$312$-avoiding and $213$-avoiding

I have to describe the permutations which are both $312$-avoiding and $213$-avoiding, and then count how many there are of length $n$. So I found that when $n<4$ that the there are clearly no permutations which have both $213$ and $312$ patterns.

My problem is that this is not simply counting the permutations with $312$ and $213$ encoded into them. Because you can have something like $2413$ which has a subsequence $213$ and another subsequence $413$ which corresponds to the pattern $312$. I think it is possible to describe one type of permutation for any $n$ that avoids both but how is it possible to describe them all?

• Are you sure that no perm of length less than 4 is both 312- and 213- avoiding? 123, 132, 231 and 321 avoid both. – Parcly Taxel Dec 10 '17 at 7:04
• Sorry I meant we don't have to worry about a perm that has both 312 and 213 patterns at that length, because it's not possible – Boots Dec 10 '17 at 7:07

In the permutation, 1 cannot go anywhere but the ends, since if it was in the middle it would be surrounded by two distinct and greater elements, thereby forming a 213 or 312 pattern. Similar reasoning then applies for elements 2, 3 and so on with the remaining space of the permutation.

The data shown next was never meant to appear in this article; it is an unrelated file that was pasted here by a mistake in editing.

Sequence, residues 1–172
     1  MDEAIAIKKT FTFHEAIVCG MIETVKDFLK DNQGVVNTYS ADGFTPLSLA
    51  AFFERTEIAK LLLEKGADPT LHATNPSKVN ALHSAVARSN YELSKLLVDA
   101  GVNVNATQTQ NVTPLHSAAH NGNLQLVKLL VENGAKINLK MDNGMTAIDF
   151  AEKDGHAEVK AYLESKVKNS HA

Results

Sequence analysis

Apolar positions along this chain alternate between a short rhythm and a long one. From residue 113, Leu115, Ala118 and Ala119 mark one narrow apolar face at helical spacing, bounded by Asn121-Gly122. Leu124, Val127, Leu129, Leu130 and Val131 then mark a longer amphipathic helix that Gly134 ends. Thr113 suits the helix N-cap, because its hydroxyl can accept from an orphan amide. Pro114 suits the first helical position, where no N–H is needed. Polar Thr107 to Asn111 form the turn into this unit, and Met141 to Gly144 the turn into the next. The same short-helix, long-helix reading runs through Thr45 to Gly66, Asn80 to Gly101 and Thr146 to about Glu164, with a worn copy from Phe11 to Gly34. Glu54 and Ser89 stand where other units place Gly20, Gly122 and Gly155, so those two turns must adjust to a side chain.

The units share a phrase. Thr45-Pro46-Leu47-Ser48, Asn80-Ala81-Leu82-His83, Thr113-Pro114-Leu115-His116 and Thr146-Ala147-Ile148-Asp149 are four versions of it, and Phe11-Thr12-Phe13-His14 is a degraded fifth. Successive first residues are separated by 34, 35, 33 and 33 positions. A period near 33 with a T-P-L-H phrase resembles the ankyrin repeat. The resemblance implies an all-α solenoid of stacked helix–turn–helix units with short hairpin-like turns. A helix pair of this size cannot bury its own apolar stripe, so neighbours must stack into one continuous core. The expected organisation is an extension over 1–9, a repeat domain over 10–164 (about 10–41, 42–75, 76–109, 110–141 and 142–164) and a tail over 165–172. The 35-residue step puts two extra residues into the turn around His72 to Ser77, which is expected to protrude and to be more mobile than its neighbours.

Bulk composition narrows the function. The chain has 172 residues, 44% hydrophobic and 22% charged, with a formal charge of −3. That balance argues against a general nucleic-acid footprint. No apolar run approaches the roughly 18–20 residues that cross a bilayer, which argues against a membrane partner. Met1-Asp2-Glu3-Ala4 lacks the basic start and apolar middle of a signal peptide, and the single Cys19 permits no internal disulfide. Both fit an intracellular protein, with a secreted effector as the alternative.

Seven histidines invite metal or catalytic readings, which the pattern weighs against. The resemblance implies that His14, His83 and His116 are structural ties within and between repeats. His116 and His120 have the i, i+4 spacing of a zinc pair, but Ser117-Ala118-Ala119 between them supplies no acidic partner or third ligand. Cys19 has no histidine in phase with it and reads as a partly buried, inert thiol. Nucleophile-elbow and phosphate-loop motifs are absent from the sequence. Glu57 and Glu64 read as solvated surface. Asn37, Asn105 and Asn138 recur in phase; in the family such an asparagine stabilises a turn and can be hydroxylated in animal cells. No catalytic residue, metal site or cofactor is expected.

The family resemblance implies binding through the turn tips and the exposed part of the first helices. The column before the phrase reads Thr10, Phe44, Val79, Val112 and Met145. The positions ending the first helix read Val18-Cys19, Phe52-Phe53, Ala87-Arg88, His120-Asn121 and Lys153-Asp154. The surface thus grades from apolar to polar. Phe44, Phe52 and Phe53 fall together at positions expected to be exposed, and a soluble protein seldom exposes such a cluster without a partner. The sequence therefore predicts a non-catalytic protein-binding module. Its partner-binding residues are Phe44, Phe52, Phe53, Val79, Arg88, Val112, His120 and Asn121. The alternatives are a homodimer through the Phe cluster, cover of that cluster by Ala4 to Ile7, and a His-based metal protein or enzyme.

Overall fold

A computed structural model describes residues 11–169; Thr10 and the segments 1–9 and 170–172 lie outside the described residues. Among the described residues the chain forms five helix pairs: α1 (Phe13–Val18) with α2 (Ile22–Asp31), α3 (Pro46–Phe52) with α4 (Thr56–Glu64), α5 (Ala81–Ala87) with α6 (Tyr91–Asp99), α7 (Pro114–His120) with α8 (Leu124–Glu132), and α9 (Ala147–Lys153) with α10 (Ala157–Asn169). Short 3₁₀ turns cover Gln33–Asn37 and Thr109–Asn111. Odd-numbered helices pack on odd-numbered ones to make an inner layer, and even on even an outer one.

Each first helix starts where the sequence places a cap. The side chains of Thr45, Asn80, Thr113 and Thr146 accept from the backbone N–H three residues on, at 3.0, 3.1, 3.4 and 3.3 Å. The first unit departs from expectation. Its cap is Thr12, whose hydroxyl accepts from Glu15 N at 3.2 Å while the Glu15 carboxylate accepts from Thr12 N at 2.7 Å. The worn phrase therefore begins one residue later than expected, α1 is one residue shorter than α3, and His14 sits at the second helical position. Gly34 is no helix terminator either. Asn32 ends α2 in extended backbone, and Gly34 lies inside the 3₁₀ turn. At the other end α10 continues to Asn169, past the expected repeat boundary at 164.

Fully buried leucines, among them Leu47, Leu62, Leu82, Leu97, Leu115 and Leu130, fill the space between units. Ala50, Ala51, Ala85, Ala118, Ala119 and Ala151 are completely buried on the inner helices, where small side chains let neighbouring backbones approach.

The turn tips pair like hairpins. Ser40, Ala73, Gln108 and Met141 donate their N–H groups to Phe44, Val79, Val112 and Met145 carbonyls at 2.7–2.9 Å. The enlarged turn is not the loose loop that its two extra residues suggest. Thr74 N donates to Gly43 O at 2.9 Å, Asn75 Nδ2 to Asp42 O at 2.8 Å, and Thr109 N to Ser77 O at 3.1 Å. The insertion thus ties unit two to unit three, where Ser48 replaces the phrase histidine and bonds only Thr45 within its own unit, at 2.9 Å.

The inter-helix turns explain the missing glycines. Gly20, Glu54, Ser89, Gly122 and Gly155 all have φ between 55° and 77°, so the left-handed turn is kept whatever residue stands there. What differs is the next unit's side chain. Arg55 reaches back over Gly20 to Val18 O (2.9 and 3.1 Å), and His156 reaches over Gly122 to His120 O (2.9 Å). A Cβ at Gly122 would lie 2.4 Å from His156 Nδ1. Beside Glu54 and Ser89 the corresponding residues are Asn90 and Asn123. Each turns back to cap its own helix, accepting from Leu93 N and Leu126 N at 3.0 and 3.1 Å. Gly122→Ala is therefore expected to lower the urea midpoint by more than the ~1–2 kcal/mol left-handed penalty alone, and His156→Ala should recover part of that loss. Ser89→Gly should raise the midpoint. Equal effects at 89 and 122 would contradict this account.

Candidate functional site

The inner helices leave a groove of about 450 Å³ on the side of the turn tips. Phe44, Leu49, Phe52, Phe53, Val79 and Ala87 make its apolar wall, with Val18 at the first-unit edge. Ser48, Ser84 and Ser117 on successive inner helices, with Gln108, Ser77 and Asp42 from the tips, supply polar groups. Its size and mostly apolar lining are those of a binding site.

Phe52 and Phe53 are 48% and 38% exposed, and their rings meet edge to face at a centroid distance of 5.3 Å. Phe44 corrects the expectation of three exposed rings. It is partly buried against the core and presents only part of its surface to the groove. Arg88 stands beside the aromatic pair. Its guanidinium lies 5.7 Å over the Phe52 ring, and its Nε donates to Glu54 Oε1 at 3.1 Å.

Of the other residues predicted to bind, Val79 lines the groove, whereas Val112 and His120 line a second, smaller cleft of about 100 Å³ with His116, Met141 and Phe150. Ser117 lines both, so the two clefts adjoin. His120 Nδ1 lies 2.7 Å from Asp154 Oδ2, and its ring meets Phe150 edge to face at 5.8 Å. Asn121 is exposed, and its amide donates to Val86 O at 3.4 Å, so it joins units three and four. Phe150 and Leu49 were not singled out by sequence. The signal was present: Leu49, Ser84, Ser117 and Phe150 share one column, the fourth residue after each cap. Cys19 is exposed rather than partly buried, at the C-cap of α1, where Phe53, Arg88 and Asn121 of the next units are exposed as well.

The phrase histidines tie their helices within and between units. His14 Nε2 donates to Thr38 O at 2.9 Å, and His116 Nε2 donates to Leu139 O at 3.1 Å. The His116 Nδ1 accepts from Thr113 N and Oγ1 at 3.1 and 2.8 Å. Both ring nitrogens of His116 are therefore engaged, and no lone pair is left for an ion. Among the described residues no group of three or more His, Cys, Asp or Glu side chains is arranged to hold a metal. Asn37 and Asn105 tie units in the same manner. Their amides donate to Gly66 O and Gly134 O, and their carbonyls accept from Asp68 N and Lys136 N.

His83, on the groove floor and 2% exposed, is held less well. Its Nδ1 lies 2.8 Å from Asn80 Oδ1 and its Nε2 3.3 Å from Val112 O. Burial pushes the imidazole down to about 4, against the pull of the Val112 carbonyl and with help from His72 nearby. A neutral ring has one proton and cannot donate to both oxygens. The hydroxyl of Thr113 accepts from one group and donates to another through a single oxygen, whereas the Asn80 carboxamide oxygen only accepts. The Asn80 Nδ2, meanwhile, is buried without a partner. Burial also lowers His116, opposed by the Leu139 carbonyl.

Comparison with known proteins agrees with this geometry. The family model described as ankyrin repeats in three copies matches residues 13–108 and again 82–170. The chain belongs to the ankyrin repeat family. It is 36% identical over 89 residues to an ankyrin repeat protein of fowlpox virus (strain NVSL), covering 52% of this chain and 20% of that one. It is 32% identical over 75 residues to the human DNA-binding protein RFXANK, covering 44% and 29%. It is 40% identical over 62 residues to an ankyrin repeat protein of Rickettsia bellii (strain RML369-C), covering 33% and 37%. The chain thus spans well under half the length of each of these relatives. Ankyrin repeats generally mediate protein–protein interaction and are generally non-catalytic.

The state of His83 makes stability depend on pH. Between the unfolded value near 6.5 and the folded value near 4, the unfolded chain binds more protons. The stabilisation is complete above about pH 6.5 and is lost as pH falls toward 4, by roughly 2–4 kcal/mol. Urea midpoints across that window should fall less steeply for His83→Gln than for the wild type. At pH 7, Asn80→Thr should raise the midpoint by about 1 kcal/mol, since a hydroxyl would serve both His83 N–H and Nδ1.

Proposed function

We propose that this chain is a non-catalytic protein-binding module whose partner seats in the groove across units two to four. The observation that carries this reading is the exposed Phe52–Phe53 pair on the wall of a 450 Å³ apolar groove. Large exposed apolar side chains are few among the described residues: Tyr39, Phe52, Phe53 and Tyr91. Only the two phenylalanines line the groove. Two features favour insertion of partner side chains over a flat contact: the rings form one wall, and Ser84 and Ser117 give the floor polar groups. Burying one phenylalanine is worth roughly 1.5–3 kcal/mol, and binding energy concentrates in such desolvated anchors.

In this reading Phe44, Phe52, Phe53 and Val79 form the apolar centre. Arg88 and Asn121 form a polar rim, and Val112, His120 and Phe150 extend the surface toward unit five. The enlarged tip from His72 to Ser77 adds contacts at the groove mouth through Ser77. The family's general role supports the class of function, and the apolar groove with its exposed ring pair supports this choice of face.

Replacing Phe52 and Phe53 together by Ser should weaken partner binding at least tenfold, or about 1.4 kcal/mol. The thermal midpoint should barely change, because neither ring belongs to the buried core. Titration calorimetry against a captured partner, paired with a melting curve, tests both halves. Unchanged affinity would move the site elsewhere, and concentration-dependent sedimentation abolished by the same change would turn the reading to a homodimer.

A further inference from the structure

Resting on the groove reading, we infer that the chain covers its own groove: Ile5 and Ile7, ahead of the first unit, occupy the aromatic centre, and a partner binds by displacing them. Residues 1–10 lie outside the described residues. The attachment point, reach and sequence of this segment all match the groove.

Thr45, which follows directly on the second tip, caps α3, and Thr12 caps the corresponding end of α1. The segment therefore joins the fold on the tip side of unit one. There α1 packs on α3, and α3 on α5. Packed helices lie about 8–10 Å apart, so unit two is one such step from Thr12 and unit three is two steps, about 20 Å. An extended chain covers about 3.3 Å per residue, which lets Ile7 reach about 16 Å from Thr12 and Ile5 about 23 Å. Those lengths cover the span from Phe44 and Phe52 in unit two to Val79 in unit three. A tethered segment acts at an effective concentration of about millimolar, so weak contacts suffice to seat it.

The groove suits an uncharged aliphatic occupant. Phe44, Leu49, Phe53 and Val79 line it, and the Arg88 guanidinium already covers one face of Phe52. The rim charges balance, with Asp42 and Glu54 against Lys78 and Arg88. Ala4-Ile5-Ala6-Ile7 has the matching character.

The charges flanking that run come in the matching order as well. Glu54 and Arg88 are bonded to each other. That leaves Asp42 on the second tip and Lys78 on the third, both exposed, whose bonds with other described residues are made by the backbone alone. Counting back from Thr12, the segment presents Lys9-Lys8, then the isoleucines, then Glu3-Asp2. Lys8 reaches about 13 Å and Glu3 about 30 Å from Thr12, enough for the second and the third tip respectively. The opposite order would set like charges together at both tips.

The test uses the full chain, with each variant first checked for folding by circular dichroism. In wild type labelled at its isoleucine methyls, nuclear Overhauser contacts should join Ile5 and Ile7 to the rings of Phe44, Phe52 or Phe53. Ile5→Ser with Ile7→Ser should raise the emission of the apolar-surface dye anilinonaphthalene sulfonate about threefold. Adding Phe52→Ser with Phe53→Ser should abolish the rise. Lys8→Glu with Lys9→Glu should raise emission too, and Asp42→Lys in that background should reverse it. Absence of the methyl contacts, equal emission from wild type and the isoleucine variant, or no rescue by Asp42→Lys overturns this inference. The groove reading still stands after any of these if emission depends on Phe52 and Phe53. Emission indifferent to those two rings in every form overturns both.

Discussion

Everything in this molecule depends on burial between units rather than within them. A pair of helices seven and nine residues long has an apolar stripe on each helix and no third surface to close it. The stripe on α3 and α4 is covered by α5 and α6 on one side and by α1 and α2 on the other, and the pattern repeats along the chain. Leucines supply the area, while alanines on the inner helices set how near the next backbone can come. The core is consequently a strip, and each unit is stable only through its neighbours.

For each element except the last, 2 choices are possible; the number of 213- and 312-avoiding permutations on $n$ elements is thus $2^{n-1}$.

• Just to solidify your example here, where are the possible placements for 2? The 2nd spot or the 2nd to last spot? – Boots Dec 10 '17 at 7:12
• @Boots Regardless of which end 1 gets placed in, there remains a single row of $n-1$ spaces. Then 2 can go only at the ends of this row. – Parcly Taxel Dec 10 '17 at 7:14
• Ah so then when we are placing 3 there is a row of $n-2$ spaces, and 3 gets placed there, etc. – Boots Dec 10 '17 at 7:15
• @Boots Yes. And the last, greatest element is forced into the one space at the end. – Parcly Taxel Dec 10 '17 at 7:16
• Very cool, thank you so much! – Boots Dec 10 '17 at 7:16

Consider a permutation which is both $213$- and $312$-avoiding. Where can $1$ go? Clearly not anywhere in the middle: only in the first and last place. So (for $n\ge2$) you have two choices. Apart from the $1$ what is left? A both $213$- and $312$-avoiding permutation of $2,3,\ldots,n$....

• So we're going to break down each number and figure out where it can go? – Boots Dec 10 '17 at 7:11
• @Boots Or we could observe the number of admissible permutations on $n$ numbers is twice that for $n-1$ numbers. – Lord Shark the Unknown Dec 10 '17 at 8:03